Martin's attempt to distinguish Eversole — and, by extension, American Equitable Assurance Co., O'Neill, and Shahadi — is without merit. Martin notes that in Eversole the improper party was the decedent taxpayer's widow and the former administrator of his estate. Martin argues that in the case at bar, the improper party was an "interloper." Martin ignores the fact that Berg was Martin's counsel in a case involving his 1981 and 1982 deficiencies, and thus was hardly an interloper. More importantly, Martin ignores the fact that the reasoning of Eversole — as well as the reasoning of American Equitable Assurance Co., O'Neill, and Shahadi — does not suggest that the case can be distinguished on the basis of the relationship of the person who puts the dispute on the tax court's docket to the subject of the proceeding. See, e.g., Eversole, 46 T.C. at 64 (emphasizing that the running of the statute of limitations is suspended when a proceeding "is placed" on the docket of the tax court, rather than when "the taxpayer places" such a proceeding on the docket).
We do not hold that Berg's authority to file the 1981/1982 petition also provided him with authority to file the 1980 petition. Rather, we note that with respect to the 1980 petition, Berg fell into the middle ground between being authorized to file the petition and being a mere "interloper."
Martin's reliance on Kirch v. United States, 1999 WL 302454 (S.D.Ohio Mar.31, 1999) (unpublished), is misplaced. In Kirch, the taxpayers successfully asserted that the petition they filed with the tax court, which the tax court dismissed for lack of jurisdiction, failed to suspend the statute of limitations. 1999 WL 302454, at *1, *6. But in Kirch, unlike the case at bar, the taxpayers filed a petition before the IRS issued a notice of deficiency. Id. at *3. According to the Kirch court, none of the provisions for suspending the running of the statute of limitations in § 6503(a) could be invoked, because the IRS had not issued a notice of deficiency, and the statute provides for a suspension only "` after the mailing of a notice under Section 6212(a).'" Id. at *3-*4 ( quoting 26 U.S.C. § 6503(a)(1)) (emphasis added). Thus, the Kirch court concluded that because the IRS had not issued a notice of deficiency, the taxpayers' filing of a petition with the tax court had not placed a "proceeding in respect of the deficiency" on the docket. Id. at *4. In this case, by contrast, the IRS issued a valid notice of deficiency before Berg filed a petition on Martin's behalf. Although Martin did not authorize Berg to file the petition, the petition still placed a "proceeding in respect of the deficiency" on the tax court's docket, and therefore suspended the limitations period.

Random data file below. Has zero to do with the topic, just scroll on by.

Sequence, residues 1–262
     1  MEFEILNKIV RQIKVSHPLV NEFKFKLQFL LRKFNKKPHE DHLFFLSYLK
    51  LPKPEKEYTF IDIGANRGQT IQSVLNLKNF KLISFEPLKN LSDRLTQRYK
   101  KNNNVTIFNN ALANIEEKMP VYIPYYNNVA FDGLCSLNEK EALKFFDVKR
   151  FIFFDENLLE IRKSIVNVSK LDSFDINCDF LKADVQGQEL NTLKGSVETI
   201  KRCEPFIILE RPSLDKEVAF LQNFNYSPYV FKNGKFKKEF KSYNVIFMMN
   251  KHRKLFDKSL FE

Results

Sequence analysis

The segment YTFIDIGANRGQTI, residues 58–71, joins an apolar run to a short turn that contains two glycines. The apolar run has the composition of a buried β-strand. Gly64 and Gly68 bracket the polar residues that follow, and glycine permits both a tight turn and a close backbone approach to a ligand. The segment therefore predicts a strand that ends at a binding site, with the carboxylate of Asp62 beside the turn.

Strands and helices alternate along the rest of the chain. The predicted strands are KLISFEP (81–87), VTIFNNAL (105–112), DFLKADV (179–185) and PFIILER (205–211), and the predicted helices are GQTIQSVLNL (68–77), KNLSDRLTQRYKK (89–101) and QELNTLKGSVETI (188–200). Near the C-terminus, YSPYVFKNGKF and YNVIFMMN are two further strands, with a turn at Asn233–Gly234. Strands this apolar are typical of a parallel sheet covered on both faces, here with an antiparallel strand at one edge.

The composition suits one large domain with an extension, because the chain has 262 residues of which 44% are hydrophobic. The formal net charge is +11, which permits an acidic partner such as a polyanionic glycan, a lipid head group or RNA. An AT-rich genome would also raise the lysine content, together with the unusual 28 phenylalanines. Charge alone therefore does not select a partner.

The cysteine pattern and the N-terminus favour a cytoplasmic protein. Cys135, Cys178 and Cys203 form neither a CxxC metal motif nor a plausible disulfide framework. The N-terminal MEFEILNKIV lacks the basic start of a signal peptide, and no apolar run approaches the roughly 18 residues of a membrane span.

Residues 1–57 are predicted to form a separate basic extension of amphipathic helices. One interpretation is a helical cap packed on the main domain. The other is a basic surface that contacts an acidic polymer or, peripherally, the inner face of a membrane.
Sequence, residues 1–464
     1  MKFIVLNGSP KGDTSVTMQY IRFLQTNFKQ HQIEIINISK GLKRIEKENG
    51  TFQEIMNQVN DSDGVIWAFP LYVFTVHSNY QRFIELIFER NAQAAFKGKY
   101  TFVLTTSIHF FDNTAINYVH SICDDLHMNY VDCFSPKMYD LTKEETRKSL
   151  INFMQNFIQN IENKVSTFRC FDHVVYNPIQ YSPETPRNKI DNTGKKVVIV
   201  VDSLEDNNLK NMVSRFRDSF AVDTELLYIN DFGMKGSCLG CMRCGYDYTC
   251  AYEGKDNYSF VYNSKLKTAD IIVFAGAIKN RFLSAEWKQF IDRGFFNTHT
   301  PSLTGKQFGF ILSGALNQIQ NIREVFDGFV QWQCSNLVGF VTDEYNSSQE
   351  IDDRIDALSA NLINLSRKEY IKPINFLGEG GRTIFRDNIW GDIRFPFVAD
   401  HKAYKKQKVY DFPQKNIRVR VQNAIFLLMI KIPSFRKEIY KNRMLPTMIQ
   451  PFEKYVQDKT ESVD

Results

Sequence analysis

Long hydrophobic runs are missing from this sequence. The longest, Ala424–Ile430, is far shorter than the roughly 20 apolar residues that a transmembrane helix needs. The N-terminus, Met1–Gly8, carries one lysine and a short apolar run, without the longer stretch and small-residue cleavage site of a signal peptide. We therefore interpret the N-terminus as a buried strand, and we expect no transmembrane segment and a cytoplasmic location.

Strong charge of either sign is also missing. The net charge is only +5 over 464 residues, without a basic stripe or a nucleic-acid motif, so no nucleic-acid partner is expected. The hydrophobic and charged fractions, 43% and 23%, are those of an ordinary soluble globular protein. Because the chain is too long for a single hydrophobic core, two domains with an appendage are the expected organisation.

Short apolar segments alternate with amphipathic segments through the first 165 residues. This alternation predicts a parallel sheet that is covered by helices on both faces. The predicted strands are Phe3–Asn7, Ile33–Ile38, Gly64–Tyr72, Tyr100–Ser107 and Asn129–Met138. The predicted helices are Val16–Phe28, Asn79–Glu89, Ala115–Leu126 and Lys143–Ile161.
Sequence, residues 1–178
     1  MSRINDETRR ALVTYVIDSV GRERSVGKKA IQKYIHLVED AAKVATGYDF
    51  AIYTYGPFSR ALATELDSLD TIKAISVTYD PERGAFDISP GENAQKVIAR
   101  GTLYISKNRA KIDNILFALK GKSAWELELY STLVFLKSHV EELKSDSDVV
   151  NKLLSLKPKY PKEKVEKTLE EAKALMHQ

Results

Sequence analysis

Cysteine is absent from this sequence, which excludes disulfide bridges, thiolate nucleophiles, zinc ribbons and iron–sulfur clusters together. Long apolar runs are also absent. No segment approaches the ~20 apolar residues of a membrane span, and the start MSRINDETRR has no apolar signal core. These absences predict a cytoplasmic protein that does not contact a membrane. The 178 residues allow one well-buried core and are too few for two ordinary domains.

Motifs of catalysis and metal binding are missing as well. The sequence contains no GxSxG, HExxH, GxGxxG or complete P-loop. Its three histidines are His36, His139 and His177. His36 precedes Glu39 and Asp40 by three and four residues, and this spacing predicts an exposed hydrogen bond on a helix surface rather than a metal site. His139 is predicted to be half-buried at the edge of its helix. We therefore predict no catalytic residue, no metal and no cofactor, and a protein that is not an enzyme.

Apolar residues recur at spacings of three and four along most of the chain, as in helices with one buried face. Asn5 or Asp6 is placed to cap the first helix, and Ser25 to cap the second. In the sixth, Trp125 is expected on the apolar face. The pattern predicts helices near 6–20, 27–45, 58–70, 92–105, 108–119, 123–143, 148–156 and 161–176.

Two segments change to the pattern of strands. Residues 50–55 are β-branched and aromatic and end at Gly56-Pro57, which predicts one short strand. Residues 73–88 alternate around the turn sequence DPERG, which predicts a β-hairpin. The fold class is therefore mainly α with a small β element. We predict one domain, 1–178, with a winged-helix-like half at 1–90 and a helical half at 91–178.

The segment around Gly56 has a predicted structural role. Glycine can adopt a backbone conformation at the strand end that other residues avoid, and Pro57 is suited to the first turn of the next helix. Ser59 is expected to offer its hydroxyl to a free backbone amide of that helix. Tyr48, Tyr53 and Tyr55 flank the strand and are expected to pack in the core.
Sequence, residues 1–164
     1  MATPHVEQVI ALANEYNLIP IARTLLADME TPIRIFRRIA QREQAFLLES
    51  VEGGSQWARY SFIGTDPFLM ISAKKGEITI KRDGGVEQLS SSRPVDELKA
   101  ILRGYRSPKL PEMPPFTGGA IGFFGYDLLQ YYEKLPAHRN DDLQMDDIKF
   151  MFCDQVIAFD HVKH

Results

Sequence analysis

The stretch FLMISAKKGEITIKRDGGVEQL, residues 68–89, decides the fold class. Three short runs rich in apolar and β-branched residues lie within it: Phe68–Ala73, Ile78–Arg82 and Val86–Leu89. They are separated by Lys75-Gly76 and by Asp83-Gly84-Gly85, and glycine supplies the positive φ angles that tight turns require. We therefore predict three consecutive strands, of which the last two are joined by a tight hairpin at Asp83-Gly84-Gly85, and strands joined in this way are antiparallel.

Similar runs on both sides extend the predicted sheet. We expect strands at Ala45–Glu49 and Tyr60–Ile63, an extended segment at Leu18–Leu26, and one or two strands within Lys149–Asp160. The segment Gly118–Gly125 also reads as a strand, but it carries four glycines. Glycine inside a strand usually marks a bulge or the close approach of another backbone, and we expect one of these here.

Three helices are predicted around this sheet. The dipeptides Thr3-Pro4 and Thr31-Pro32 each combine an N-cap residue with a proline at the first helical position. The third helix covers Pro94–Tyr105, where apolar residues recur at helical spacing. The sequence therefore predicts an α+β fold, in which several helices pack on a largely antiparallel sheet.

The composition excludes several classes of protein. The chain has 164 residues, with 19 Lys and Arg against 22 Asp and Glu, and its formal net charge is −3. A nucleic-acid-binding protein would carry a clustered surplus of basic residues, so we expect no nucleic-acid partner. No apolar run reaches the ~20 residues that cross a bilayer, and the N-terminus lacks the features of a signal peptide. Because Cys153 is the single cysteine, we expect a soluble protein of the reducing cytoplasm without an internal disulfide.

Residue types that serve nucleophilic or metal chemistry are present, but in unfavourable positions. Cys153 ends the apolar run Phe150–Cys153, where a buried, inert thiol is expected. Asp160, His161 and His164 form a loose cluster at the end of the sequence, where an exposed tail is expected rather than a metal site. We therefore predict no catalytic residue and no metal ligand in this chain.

There was no reason that the IRS should have suspected that something was amiss with the filing that Berg made on Martin's behalf and refrained from waiting for the tax court proceedings to conclude before attempting to assess Martin's tax liability. Tax court rules permit petitions to be signed by either a taxpayer or the taxpayer's attorney. See Tax Court Rule 23(a)(3) ("The original signature, either of the party or the party's counsel, shall be subscribed in writing to the original of every paper filed by or for that party with the Court, except as otherwise provided by these Rules."). A strong presumption of authority is afforded to counsel filing a petition in the tax court. See Tax Court Rule 33 ("The signature of counsel . . . constitutes a representation by counsel that counsel is authorized to represent the party or parties on whose behalf the pleading is filed."); Gray v. Comm'r, 73 T.C. 639, 646, 1980 WL 4500 (1980) ("`[T]he presumption is that an attorney at law who appears in regular manner on behalf of a party litigant has authority to do so. . . .'") (quoting Booth v. Fletcher, 101 F.2d 676, 683 (D.C. Cir. 1938)).
Moreover, two years before filing the 1980 petition, Berg had filed an authorized petition on Martin's behalf for tax years 1981 and 1982. After filing the 1980 petition, Berg sent a $50,000 payment to the IRS for application to that liability. Berg and his law firm had filed similar petitions for many other taxpayers. Thus, it would have been reasonable for the IRS to presume that the 1980 petition was valid.
The law firm represented more than 4,000 limited partners and filed more than 14,000 petitions on those limited partners' behalf.
Martin's tax liability for 1980 has grown from approximately $50,000 to over $500,000 as a result of interest and penalties. Martin argues that for seventeen years he had no reason "to think that anything was amiss or still pending with respect to his 1980 tax liability . . . [and that] a staggering amount of interest continued to accrue against him since 1981, through no fault of his own."